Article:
While lacking the marquee value of the Bakken, the Lower Shaunavon formation in the southwest corner of Saskatchewan has picked up momentum over the years and started to throw out a challenge to its rival on the eastern side of the Williston basin.
The industry has poked and prodded around the play for more than 50 years with only minimal results until the same horizontal drilling and fracturing technologies that unlocked other tight formations in North America opened the door to an opportunity that is expected to help keep Saskatchewan busy for years.
And operators continue to keep a close eye on what is happening in the Bakken and Lower Shaunavon as that same success to formations across Alberta.
“What works here also works there,” said a spokesman for Saskatchewan’s Energy and Resources Ministry.
The two plays helped push the province over an average 432,000 barrels per day of oil production last year, only 9,000 bpd behind Saskatchewan’s previous record set in 2008 and a match for Alberta’s conventional output.
They also drove land sales in 2011, accounting for two-thirds of revenues.
In the process, they have enabled Saskatchewan to contribute about 14 percent of Canada’s total crude production from 28,000 wells and generate C$12.8 billion in oil and gas sales in 2011.
Mostly locked up
Don Rawson, managing director, institutional research with AltaCorp Capital, said Saskatchewan’s Bakken play has already been locked up, although some prospects remain in the southeast where producers are testing Bakken concepts. He said the Lower Shaunavon play “would be similar, although in some cases improvements in technology cause producers to reinterpret the perceived play boundaries over time.”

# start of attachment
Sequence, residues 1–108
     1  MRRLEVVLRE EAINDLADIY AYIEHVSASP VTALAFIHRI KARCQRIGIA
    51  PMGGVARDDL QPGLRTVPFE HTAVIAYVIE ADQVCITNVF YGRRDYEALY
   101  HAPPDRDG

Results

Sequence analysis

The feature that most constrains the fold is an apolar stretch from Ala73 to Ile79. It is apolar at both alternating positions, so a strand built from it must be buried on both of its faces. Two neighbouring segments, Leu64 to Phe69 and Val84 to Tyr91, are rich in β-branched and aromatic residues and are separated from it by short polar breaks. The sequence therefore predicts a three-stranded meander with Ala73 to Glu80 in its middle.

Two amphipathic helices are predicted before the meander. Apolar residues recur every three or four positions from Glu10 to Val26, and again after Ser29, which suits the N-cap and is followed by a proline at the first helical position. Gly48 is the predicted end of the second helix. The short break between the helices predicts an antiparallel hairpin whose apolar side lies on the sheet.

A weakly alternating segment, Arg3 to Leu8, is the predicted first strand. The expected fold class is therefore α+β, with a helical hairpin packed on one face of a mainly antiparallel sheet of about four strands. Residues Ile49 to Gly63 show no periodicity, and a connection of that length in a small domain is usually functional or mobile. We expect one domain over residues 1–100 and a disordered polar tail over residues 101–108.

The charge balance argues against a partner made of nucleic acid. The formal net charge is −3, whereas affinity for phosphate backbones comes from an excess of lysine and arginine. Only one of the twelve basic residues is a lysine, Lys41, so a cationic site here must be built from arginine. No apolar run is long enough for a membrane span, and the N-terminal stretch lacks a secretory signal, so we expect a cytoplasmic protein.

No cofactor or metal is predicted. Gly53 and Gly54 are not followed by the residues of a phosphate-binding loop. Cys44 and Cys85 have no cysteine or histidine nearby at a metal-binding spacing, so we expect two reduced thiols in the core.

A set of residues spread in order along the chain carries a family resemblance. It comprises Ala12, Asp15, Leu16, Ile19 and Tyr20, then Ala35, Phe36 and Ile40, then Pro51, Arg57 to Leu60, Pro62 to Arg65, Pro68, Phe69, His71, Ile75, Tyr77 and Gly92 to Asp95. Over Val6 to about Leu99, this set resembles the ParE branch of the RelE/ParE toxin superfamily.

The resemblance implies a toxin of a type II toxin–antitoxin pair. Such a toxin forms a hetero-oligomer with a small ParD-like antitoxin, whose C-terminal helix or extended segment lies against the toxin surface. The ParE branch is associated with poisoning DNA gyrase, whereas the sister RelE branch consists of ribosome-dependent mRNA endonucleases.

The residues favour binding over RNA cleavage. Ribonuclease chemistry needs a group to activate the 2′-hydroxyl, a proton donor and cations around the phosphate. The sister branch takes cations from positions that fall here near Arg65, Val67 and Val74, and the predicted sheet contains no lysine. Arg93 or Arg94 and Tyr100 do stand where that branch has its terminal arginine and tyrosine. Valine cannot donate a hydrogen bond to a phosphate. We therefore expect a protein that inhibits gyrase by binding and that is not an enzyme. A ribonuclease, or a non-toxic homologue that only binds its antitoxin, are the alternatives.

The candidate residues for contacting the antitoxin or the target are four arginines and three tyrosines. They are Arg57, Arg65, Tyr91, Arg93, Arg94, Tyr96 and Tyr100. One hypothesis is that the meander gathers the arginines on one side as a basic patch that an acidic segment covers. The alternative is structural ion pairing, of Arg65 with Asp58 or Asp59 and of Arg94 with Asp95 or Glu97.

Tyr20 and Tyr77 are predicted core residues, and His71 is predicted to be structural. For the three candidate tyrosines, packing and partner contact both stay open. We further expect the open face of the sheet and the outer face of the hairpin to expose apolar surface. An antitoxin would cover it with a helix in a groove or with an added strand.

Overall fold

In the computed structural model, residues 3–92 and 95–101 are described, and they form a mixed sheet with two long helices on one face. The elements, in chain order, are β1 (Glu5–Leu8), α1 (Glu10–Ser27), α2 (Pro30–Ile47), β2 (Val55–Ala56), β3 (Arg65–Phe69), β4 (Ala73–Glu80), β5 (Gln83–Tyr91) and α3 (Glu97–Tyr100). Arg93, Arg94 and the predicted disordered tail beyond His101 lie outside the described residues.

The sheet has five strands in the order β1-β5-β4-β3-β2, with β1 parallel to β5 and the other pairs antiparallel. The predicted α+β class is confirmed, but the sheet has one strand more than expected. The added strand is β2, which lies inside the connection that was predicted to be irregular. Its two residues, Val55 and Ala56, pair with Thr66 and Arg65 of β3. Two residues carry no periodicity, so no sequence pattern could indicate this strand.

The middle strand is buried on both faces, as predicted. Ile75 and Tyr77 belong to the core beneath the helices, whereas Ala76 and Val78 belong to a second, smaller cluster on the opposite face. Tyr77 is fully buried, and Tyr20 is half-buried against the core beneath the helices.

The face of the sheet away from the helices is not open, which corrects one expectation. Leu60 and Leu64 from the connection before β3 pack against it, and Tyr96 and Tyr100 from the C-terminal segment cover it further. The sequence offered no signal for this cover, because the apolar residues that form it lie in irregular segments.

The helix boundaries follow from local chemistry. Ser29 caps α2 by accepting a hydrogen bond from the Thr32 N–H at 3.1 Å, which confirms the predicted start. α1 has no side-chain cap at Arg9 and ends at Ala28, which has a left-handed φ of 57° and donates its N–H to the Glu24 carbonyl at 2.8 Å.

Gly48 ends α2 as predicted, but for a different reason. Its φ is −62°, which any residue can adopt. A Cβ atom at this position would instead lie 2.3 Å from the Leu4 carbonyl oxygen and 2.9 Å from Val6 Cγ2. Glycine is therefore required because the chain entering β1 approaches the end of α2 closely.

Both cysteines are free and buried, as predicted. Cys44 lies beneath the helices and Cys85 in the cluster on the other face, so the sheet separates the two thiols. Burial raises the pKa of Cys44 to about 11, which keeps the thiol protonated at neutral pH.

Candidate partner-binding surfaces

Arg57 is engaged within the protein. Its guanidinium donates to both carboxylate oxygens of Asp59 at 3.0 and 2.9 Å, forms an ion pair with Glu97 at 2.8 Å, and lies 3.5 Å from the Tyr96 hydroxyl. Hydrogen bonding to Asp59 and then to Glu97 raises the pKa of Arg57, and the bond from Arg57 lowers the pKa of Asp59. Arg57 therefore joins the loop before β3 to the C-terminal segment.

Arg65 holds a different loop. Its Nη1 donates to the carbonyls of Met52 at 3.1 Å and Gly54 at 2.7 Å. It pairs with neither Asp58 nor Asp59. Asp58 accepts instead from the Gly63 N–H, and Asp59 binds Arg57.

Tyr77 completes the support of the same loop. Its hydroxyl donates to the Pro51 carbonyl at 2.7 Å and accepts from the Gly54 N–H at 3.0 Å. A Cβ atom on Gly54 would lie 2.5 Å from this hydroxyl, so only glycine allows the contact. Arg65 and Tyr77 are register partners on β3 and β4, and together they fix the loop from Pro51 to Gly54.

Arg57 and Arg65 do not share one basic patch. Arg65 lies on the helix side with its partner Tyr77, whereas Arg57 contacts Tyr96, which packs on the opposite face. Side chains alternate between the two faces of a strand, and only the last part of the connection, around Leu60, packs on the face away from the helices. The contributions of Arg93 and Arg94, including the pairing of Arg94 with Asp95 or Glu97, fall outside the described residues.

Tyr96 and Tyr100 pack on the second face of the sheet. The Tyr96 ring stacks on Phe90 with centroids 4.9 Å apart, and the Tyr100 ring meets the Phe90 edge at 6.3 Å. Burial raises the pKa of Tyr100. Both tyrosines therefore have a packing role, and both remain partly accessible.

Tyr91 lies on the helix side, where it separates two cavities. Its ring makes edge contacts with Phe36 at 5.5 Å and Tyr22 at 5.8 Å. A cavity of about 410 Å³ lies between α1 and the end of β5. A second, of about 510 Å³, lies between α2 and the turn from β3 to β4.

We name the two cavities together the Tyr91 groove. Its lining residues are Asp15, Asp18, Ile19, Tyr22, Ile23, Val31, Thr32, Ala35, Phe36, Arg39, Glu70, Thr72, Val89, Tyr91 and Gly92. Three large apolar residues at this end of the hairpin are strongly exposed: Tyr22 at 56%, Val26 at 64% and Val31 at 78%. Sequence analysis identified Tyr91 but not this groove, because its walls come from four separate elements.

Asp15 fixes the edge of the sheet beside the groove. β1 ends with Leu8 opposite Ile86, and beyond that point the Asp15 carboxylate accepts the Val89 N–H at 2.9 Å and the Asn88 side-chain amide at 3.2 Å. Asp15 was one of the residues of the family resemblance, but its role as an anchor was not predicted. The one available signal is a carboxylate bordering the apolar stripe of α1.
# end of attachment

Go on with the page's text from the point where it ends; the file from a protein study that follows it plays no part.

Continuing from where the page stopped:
The trend contains reservoirs at depths of about 4,400 feet with net pays ranging from 13 feet to 52 feet and containing 22 degree API crude at a much lower permeability than the northern Upper Shaunavon.
Initially, production from Lower Shaunavon wells peak at about 60 bpd, but that has changed as new technologies have been applied, reaching 1,000 bpd by mid-2006 and growing over recent years.
Ed Dancsok, assistant deputy minister in the province’s Ministry of Energy and Resources, was one of the first to openly pinpoint the chances of success in the Lower Shaunavon. “It’s been known for decades that this formation contains large oil in place numbers over a wide area, but the techniques to extract it just weren’t there. It’s much like the Bakken in that sense,” he said.